Marcel Proust once said:
“A change in the weather is sufficient to recreate the world and ourselves.”
But if Proust were to go one step further, he’d say that mood is sufficient to recreate the world and ourselves. After all, our mood is strongly linked with what the weather outside is like.
Based on our experience as humans, we know all too well that mood can “recreate the world and ourselves”, impacting our thoughts, judgments, and perceptions.
For instance, if you’re in a bad mood, you’ll be more pessimistic in your judgment and decision making (Wright and Bower 1992).
On the flip side, if you’re in a good mood, you’ll be more optimistic in your judgement, choices and as well as your perception of risk. Happy decision makers are more optimistic about their probability of winning a lottery, for example.
After all, mood is rooted in emotion.
And emotions conceal motivation.
In evolutionary terms, emotions and feelings are highly rational proxies for calculation which bring us closer to satisfying goals that could aid our survival.
Emotions such as fear cloak a hidden motivation to avoid the very things that inspire that fear; feelings of attraction disguise the motivation to procreate with a significant other in order to pass on our genes into the next generation.
In all their irrationality, emotions are a rational, cool, calculating process.
Mood stems from emotions and feelings which conceal certain motivations.
If you’re in a sad mood, anxious mood, or fearful mood, the motivations driving your behaviour will differ.
And because they differ, they will all impact your trading in unique and insidious ways.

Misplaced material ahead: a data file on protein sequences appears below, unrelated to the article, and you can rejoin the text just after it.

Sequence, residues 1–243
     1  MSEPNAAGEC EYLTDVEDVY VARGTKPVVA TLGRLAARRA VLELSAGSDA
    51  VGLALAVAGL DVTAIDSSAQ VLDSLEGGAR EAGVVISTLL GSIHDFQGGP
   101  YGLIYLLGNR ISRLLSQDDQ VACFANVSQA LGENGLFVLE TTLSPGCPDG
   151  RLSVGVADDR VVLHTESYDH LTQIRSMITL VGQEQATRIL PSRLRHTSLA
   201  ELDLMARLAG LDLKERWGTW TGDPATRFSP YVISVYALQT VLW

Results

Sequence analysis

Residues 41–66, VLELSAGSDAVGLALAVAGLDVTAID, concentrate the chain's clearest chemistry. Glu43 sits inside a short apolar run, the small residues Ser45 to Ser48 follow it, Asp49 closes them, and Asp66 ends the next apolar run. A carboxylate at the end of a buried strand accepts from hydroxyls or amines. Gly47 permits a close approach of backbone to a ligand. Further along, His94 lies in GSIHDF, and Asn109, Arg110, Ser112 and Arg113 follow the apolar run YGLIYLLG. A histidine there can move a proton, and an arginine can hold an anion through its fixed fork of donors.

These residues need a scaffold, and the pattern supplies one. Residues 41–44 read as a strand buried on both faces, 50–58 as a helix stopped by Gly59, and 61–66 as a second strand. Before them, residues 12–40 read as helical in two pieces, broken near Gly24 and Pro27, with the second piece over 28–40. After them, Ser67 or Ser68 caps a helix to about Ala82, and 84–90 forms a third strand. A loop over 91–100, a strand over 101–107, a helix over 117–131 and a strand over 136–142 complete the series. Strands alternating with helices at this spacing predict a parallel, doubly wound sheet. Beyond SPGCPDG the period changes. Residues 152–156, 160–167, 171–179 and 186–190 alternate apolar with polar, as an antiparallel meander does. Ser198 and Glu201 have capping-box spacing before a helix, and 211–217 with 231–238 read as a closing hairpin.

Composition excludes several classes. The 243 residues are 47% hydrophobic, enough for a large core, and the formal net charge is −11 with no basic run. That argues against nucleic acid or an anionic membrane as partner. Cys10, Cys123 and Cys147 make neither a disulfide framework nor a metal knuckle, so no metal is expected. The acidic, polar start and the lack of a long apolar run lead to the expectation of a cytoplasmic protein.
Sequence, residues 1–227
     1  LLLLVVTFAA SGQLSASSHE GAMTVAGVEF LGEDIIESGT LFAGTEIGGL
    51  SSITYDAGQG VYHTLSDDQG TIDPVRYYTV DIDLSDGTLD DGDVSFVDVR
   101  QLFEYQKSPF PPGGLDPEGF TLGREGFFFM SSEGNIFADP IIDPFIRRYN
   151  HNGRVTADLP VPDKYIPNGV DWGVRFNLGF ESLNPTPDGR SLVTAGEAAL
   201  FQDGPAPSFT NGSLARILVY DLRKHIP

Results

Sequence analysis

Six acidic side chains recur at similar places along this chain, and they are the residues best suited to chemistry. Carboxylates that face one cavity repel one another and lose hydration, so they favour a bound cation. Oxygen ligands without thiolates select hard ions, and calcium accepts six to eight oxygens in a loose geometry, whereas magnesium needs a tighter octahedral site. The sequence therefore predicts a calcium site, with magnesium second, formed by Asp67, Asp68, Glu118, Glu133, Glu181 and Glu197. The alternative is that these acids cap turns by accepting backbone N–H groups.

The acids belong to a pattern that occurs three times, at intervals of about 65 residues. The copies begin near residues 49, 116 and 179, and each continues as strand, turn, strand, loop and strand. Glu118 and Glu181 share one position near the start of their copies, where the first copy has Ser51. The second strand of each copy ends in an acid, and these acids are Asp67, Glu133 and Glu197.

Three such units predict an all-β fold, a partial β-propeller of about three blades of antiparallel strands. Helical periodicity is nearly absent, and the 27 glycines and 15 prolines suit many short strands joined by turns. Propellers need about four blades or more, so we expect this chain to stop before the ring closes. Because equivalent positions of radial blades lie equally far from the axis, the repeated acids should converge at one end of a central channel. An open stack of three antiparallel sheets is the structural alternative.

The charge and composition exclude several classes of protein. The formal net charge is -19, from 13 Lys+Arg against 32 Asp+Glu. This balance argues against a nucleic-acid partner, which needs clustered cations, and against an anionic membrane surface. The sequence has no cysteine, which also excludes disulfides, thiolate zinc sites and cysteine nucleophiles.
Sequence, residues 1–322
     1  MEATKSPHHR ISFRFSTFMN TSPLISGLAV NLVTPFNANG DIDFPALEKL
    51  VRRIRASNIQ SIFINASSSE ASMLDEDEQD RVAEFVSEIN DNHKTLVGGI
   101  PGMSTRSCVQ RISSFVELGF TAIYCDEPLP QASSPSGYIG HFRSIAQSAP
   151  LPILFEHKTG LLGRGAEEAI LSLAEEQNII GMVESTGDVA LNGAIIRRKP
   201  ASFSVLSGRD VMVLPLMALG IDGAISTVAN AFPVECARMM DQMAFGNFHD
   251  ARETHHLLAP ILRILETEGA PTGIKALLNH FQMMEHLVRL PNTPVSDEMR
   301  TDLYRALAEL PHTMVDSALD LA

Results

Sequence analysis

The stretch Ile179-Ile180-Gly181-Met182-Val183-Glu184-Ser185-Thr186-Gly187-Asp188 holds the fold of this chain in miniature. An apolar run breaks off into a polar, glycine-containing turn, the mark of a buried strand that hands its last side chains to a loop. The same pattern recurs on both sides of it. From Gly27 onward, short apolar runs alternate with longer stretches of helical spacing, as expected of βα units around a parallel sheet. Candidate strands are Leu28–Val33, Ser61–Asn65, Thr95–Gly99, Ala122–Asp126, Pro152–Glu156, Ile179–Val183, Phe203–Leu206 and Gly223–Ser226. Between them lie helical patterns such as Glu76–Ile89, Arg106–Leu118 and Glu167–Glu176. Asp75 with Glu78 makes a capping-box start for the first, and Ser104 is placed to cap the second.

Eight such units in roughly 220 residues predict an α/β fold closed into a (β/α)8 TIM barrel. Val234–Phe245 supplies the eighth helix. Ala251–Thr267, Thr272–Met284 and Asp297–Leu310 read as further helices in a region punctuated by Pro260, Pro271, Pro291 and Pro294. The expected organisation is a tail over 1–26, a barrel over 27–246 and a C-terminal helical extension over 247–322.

Being self-aware and cognisant of how mood can influence our trading decisions can cast an scathing light on the root cause of some of our most common trading mistakes as well as any bad trading habits we may have unknowingly developed.
If we can understand how mood influences our trading, we can better prepare how to navigate these different emotions in a way that doesn’t negatively impact our trading.
In this article, we’ll explore various emotions such as sadness, anxiety, and fear and talk about how these emotions can impact our trading.
Cognitive scientists conceptualise sadness as rooted in the loss or absence of rewards.
Whenever we experience sadness, it feels like “something is missing.”
This is often true — we experience sadness if we don’t succeed at something, if we go through a breakup, or we lose a precious item, for example.
So how do sad people tend to go about reducing their sadness?
If we feel that “something is missing,” then we’ll actively seek to fill the void.
That is, we’ll actively search for reward elsewhere.
One way this manifests is that sad people tend to buy gifts for themselves (Mick & Demoss, 1990).
Another way is that sad people have a tendency to help others because of the “feel-good” emotions we experience when helping others (e.g. Schaller & Cialdini, 1990).
In other words — sad people will seek out reward to elevate and repair their mood.
Sad people simply have different priorities in their decision-making.
In other words, they’re simply motivated to seek immediate gratification in mood reparation rather than delay gratification by making sound, reasonable decisions that would bring long-term tangible benefits at some point in the future (Leith & Baumeister, 1996).
How this translates to trading is that sad traders are more likely to engage in behaviours and enter trades with the sole purpose of repairing their mood.
This can be a very slippery slope.
Sad traders are more likely to FOMO buy into a green candle for a quick rewarding experience. They’d be more inclined to be influenced by the media in their investment decisions, buying into the sensationalism and hype.
They’re more likely to choose low probability trade set ups simply because they seem more exciting (i.e. emotionally rewarding). Anticipating potentially massive gains is a pleasurable experience in of itself and low probability trades are the best at providing those.
Low-probability trades offer the illusory promise of a huge payoff. What often goes along with that is higher risk. People tend to accept outsized risk in expectation of a huge payoff so sad traders are more likely to seek out high risk trades.